Between October to August 2014, 16.6 per cent of 16-24 year-olds were unemployed. That’s 754,000 people. Whilst lower than the figure for the same period of time in 2013, it’s still higher than unemployment rates amongst the 25 and over. The realities of the economic situation mean that many of us will experience a period of unemployment at some point, maybe once we’ve first graduated, or have left a job to pursue a career.

Unemployment is the pits. The uncertainty, the endless waiting and hoping, and the never-ending worry and mental health impact that can have. I was unemployed for a year when I decided to move abroad to pursue experience in a developing country, and hit rock bottom before springing back and finally getting a job. Here are five things I did that helped me during unemployment, if you find yourself in the same unfortunate situation maybe give them a go for yourself:

1. Show up

I don’t mean this in terms of showing up for interviews, though that is obviously important if you have one, I mean showing up for the small things, everyday. It can be demotivating when each day feels the same, and you lack the energy and spirit to be gung-ho. If it gets to this, just think of one thing a day that would be good for your mental and physical health, and do that one thing. That could be going for a walk, or trying out a new recipe, or returning that friend’s phone call. Whatever it is, choose that one thing and do it. You will feel good for having ticked something off your to-do list, and since it will be something good for your health, you’ll feel good for that too.

2. Do something for someone else

It is scientifically proven that volunteering to help others makes you feel good and can contribute to longer term happiness. As does spending money on someone else rather than yourself. Whilst volunteering may seem like a waste of time and a distraction from applying for jobs, it is valuable not only for the wellbeing that comes from the volunteering itself, but provides much-needed structure and routine. Also, it gives you a reason to leave the house and socially interact, which adds to your wellbeing. Do something you really want to do so it is not a chore but a source of enjoyment, and maybe you’ll learn a new skill or two.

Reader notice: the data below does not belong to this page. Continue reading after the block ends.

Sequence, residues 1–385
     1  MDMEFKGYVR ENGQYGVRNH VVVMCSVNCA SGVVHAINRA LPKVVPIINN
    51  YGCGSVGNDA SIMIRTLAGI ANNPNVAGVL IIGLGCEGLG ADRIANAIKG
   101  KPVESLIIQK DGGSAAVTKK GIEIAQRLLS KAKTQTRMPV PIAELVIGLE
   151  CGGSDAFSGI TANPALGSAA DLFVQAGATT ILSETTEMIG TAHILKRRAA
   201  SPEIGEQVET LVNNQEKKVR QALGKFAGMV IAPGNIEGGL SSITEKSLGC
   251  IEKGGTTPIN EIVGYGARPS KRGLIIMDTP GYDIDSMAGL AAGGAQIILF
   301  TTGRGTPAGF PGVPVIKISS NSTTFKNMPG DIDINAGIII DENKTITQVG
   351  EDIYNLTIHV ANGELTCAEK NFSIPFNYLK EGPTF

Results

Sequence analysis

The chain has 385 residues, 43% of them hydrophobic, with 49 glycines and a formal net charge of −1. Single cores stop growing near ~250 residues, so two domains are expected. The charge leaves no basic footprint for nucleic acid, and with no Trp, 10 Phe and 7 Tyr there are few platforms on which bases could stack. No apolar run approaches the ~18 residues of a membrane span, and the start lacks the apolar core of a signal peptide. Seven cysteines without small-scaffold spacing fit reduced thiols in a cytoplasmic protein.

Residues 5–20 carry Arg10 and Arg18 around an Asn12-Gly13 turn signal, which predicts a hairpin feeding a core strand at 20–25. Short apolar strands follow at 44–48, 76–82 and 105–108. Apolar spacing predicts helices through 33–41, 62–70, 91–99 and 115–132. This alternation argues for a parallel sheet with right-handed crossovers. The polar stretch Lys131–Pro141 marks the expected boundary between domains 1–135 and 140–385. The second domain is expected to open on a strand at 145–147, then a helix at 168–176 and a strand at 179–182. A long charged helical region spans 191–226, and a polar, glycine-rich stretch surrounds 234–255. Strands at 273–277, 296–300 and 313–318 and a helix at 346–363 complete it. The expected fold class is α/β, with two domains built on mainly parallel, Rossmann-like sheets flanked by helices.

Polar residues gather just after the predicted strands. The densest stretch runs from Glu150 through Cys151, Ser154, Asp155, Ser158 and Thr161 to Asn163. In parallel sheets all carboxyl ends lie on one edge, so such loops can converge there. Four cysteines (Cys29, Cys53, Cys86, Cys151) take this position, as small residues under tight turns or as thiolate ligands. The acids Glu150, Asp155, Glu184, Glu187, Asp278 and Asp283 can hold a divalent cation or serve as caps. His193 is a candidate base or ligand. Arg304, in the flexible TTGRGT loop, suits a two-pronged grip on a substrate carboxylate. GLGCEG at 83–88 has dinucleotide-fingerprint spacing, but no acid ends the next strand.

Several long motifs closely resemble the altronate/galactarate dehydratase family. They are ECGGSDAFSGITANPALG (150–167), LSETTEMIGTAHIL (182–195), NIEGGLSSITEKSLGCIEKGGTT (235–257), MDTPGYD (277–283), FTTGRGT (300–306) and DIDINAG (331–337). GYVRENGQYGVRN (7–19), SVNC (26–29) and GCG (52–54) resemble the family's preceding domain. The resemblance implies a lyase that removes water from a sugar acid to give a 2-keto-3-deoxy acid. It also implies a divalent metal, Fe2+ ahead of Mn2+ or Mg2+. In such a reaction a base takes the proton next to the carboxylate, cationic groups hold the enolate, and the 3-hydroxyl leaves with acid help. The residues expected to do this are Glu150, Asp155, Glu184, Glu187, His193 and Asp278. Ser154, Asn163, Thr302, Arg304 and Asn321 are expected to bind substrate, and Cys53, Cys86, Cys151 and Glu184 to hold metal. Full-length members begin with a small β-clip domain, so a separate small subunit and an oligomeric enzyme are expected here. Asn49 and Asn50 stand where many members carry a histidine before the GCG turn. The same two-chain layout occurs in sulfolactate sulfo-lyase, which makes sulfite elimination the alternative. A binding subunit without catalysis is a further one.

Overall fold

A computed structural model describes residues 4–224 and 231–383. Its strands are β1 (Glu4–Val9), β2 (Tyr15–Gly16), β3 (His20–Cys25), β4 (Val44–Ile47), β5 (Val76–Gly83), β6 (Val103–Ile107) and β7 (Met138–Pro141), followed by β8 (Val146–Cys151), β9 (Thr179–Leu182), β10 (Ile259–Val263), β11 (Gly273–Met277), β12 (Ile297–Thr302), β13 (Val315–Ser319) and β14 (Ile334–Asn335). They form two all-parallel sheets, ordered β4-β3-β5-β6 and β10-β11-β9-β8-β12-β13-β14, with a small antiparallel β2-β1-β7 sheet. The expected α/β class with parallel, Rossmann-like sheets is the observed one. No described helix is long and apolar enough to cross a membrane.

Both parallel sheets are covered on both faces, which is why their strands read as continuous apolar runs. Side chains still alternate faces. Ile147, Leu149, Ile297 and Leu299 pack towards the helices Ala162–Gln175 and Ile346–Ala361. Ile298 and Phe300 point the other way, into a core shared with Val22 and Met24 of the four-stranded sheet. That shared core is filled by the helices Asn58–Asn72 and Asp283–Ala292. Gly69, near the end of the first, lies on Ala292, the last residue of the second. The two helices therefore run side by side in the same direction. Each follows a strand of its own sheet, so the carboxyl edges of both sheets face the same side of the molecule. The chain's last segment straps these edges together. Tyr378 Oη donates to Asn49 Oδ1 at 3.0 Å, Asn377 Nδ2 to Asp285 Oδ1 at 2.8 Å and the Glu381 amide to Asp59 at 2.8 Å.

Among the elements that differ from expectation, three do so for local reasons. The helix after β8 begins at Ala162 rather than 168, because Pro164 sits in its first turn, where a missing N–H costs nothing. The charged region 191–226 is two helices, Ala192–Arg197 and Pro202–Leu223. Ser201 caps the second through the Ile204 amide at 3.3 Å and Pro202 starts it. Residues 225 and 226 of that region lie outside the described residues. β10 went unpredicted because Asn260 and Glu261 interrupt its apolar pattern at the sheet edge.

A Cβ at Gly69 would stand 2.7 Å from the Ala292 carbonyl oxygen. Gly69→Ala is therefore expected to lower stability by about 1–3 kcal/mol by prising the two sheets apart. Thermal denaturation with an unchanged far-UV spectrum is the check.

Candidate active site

3. Take an online course

Online universities have free courses to suit pretty much any interest. Not only will taking a course give you a goal, but it will keep you mentally stimulated, you may learn new things which could help you get a job, and putting it on your CV helps demonstrate that you are a self-starter and seek ways to develop yourself. It doesn’t even have to be related to what you want to do, pursuing a course just because it interests you is also completely valid. Maybe even take a basic language course with a programme like Duolingo to try something different.

4. Do what you want to do

It sounds frivolous, especially when so many things we want to do involve some sort of money, which is obviously a bit tight during unemployment, but there are plenty of life’s pleasures which we put off when we’re working because we ‘don’t have enough time’. Now time is on your side. That book everyone’s been talking about that you’ve been meaning to read? Borrow it from the library. The health kick you wanted to go on? Use the thousands of online resources to educate yourself and get started on a healthier lifestyle. If you can afford it, go on that trip of a lifetime you’ve been dreaming of. If the job market isn’t going your way, you at least have control over making some of your wishes come true.

5. Redefine yourself

This is not a cue for a film montage of someone getting a new haircut and a new wardrobe in order to reinvent him or herself. What I am talking about goes deeper, to your sense of self and identity. Being unemployed not only affects your bank balance, but it affects the very core of your identity and how you see yourself. From an early age we are asked ‘what we want to be when we grow up’, not ‘what we want to work as’. In our society a person’s job is intricately tied to who they are, this is why it is one of the first questions we ask any new person we meet. You have the opportunity to change that when you are unemployed. What really makes you, you? How do you define yourself? How could you have a healthier relationship to your next job and not let it be such a prominent part of your identity?

All of these techniques helped me to manage unemployment, and I’ve come out the other side a better person for having pursued things I’ve put off for so long, like getting into shape and learning a new language, and most importantly I’ve learnt the place of a job in my life and my identity. Here’s to hoping you won’t have to face unemployment, but that these tips will help you if you do.

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